where x is the x-coordinate in the new coordinate system (where the image "thinks" its drawing) and x? is the x-coordinate in the original coordinate system. So to put the image with the lower left corner (its (0,0) point) at (50,100), you would want to have x? = x+50 and y? = y+100, or a=1 b=0 c=0 d=1 e=50 f=100. The PDF command for that is cm (for coordinate matrix), so the drawing command would be:

1 0 0 1 50 100 cm
/Image1 Do

Coordinate transformations are cumulative, so repeating the translation for another image would push it too far. You want to reset the transformation matrix before each drawing. You could calculate the inverse matrix (for the translation above, it's easy: 1 0 0 1 -50 -100 cm, but other transformations are more complicated) but PDF has an easier way: a graphics state stack. q pushes the current graphics state, including the transformation matrix, and Q pops it, so the final drawing command would be:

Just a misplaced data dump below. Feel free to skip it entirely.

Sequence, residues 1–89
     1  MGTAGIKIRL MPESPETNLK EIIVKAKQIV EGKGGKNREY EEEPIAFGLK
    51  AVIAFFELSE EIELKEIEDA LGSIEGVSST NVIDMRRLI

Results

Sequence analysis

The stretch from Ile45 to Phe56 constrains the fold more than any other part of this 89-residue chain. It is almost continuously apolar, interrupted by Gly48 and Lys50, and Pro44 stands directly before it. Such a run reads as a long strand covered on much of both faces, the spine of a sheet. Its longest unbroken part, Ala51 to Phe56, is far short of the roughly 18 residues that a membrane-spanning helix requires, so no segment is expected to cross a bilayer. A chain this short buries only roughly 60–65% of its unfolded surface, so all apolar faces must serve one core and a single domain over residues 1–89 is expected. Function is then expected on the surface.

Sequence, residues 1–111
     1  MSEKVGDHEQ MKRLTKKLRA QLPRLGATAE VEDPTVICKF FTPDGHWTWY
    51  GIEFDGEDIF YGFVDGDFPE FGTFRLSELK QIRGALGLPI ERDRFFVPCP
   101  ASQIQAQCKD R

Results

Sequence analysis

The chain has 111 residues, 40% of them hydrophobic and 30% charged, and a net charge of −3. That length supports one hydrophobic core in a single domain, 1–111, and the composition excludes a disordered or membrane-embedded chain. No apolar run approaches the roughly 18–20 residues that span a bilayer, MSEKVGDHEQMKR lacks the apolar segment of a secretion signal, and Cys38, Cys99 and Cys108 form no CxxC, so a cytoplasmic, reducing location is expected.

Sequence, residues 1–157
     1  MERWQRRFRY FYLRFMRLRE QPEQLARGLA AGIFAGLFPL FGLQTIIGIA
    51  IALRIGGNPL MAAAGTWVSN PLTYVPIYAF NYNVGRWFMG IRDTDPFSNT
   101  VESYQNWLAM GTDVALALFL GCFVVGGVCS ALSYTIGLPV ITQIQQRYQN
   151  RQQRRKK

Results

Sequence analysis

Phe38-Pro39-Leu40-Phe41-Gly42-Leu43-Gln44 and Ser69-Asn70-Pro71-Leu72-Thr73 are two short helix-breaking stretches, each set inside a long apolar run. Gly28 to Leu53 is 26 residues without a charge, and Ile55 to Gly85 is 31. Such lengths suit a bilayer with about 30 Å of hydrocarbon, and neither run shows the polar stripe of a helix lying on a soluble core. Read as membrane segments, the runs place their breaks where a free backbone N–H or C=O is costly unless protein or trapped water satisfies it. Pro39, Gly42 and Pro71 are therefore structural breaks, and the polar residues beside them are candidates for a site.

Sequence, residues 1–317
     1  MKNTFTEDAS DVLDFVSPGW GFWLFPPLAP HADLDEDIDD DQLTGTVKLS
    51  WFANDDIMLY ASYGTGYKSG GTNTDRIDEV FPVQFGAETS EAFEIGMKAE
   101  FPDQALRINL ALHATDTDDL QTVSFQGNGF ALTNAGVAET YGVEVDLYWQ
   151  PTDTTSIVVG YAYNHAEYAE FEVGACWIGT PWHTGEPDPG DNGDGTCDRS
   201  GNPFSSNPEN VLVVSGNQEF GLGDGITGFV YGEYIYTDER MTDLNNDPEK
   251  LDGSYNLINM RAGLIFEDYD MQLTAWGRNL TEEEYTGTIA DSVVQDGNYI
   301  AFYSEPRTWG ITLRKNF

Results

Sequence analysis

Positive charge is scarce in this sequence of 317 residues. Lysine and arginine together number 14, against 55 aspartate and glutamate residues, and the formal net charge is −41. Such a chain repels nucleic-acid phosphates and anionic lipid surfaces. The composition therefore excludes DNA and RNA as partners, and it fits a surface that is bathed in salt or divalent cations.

1 0 0 1 50 100 cm
/Image1 Do

Other transformations are possible, and the work of getting the math right has already been done:

Translation of the origin to (x,y)
As above, 1 0 0 1 x y cm.
Rotation around the origin by angle theta
cos(theta) sin(theta) –sin(theta) cos(theta) 0 0 cm.
Scale (change the size of) the x-direction by a factor xscale and the y-direction by yscale
xscale 0 0 yscale 0 0 cm

These do the transformation around the origin (and doing them in the above order has the expected results; doing the transforms in some other order means translating in scaled units or along rotated axes, which is rarely what you want). More often, we want to place and rotate around the center of the image, so after the transformation, translate backwards half the height and width (in the new coordinate system): 1 0 0 1 -width/2 -height/2 cm.